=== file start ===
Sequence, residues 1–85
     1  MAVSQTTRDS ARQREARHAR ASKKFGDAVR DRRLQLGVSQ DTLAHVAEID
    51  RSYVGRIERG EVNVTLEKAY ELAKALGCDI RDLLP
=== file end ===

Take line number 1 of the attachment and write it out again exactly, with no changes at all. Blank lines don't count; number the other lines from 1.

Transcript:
Sequence, residues 1–85